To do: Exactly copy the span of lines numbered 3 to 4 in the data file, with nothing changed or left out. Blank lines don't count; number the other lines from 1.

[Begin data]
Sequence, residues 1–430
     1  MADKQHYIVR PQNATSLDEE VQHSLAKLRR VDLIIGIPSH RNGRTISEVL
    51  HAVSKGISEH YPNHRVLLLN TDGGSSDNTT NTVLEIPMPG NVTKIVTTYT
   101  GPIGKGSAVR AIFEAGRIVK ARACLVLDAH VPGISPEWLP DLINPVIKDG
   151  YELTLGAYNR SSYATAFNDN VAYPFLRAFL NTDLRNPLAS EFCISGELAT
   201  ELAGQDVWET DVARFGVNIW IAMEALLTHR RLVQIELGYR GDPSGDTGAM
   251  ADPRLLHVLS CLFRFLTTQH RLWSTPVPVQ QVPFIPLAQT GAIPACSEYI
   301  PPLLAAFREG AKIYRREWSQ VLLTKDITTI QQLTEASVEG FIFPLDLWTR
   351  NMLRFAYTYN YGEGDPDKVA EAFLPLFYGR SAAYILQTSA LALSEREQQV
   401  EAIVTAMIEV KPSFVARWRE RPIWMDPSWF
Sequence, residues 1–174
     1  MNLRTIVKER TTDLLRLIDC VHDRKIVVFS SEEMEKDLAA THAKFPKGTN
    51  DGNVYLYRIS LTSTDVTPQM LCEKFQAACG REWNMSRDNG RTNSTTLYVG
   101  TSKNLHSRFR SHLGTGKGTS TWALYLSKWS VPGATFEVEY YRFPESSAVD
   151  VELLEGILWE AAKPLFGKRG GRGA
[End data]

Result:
    51  HAVSKGISEH YPNHRVLLLN TDGGSSDNTT NTVLEIPMPG NVTKIVTTYT
   101  GPIGKGSAVR AIFEAGRIVK ARACLVLDAH VPGISPEWLP DLINPVIKDG